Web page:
All had idiopathic Parkinson’s disease, were responsive to levodopa, had disabling motor complications (fluctuations or levodopa-induced dyskinesia), and were younger than 75 at the time of surgery. Those with any previous neurosurgical intervention for Parkinson’s, including stimulation with other electrodes, were excluded.

Prior research suggests that “…after five years, any quality of life improvement seen after STN DBS reverts to a level not different from baseline,” Chou and Charles observed. “This has often been attributed to the progression of levodopa unresponsive symptoms, such as balance, gait, speech, and cognition.”

“Several aspects of Parkinson’s disease, in addition to motor function, can influence quality of life, such as age, cognition, and non-motor symptoms, such as mood,” they continued. “It would have been interesting to know if there were significant changes in non-motor symptoms that could be responsible for the sustained improvement in quality of life, but such data were not available in this study.”

During long-term follow-up, five patients needed lead reimplantation, due to intracranial infections, lead malfunctions, or suboptimal lead placement. Many reported that adverse events, including motor and psychiatric complications, were primarily related to Parkinson’s disease itself, Moro and co-authors noted.

Limitations of the study include a cohort that was highly levodopa-responsive, with a 75.3% baseline improvement in motor scores from the off-state to the on-state. “Most DBS centers consider a levodopa response around 30% as an acceptable cut-off for moving forward with STN-DBS,” the editorialists noted.

The group also was young: they had an average age of 51 at the time of surgery and already had lived with Parkinson’s for an average of 11 years. The sample may be biased, as patients with available longer term follow-up are likely to be ones who are doing well.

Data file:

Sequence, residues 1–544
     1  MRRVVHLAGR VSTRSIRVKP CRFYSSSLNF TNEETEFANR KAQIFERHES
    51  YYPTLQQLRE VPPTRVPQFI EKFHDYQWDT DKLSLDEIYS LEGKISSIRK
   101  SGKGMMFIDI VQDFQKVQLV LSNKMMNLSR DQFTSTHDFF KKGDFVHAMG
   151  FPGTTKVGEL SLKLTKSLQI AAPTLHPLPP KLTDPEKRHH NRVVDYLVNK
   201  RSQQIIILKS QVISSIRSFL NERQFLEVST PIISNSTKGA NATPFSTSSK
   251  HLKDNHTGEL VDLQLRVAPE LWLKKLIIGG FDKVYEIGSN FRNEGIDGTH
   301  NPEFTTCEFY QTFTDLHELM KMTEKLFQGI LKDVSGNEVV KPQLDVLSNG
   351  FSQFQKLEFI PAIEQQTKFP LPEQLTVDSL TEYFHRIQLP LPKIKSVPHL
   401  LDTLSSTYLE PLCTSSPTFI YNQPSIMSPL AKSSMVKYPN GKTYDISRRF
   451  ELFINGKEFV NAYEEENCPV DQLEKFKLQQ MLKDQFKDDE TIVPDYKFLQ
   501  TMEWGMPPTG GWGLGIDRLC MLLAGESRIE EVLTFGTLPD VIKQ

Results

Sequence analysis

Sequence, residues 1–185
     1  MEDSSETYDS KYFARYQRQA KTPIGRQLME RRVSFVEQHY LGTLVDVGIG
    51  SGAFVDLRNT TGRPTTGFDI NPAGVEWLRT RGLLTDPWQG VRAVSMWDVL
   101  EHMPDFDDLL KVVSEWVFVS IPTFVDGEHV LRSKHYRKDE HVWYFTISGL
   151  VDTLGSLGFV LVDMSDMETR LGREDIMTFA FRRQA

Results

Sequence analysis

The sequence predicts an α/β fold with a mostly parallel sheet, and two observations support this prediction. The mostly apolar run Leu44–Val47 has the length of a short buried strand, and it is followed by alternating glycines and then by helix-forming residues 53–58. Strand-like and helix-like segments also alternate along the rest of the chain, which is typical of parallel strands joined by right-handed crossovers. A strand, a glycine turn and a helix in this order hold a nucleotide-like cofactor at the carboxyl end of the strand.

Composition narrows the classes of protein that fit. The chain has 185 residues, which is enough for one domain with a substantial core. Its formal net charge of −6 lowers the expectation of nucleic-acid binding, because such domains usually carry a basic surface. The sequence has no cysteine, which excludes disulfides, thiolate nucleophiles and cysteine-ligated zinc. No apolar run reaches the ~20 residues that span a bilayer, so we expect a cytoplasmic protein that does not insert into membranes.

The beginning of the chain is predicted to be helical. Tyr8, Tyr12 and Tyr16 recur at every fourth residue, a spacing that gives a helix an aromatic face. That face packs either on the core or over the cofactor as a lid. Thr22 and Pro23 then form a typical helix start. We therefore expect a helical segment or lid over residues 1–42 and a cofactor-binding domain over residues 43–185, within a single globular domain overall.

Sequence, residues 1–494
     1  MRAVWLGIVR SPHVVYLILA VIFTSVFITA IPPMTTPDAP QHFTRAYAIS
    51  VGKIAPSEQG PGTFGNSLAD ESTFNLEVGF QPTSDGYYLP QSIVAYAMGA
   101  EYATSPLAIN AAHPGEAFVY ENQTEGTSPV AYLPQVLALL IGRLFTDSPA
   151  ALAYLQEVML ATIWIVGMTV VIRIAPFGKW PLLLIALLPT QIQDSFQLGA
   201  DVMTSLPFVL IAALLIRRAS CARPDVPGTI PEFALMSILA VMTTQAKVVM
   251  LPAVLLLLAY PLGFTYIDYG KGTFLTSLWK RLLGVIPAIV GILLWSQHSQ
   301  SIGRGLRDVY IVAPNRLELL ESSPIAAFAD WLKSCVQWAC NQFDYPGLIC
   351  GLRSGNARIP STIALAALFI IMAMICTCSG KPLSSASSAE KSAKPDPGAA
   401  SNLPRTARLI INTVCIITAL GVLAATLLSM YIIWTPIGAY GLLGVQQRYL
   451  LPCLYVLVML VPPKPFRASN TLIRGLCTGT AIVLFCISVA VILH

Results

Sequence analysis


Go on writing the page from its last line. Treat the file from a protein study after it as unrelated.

1. Subthalamic nucleus deep brain stimulation (STN-DBS) for Parkinson’s disease was still effective 15 or more years after surgery, a retrospective study found.

  2. Compared with pre-surgical baseline, time spent with dyskinesia was reduced by 75%, time in the off state was reduced by 59%, and dopaminergic drugs were reduced by 50%. Quality of life measurements also showed improvement.

Paul Smyth, MD, Contributing Writer, BreakingMED™

The researchers reported no targeted funding.

Moro has received honoraria from Medtronic and Abbott for consulting and lecturing; she has received an educational grant from Boston and Newronika.

Chou received research funding from the NIH, Parkinson Study Group, Michael J. Fox Foundation, Eli Lilly, Voyager Therapeutics, and Neuraly. He has served on a data safety monitoring board for Abbott and Watermark Research Partners, Inc., as a consultant for Accordant and CNS Ratings, and received royalties from UpToDate and Springer Publishing.

Charles received income from the Alliance for Patient Access, Newronika, Revance, and US WorldMeds for consulting services. Vanderbilt University Medical Center received income from AbbVie, Adamas, Aeon, Allergan, Allergan Foundation, Biogen, Impax, Medtronic, Merz, Neurocrine, NeuroNEXT, Novartis, Pharma Two B, and UCB for research or educational programs led by Charles.

Cat ID: 130

Topic ID: 82,130,730,130,37,192,255,925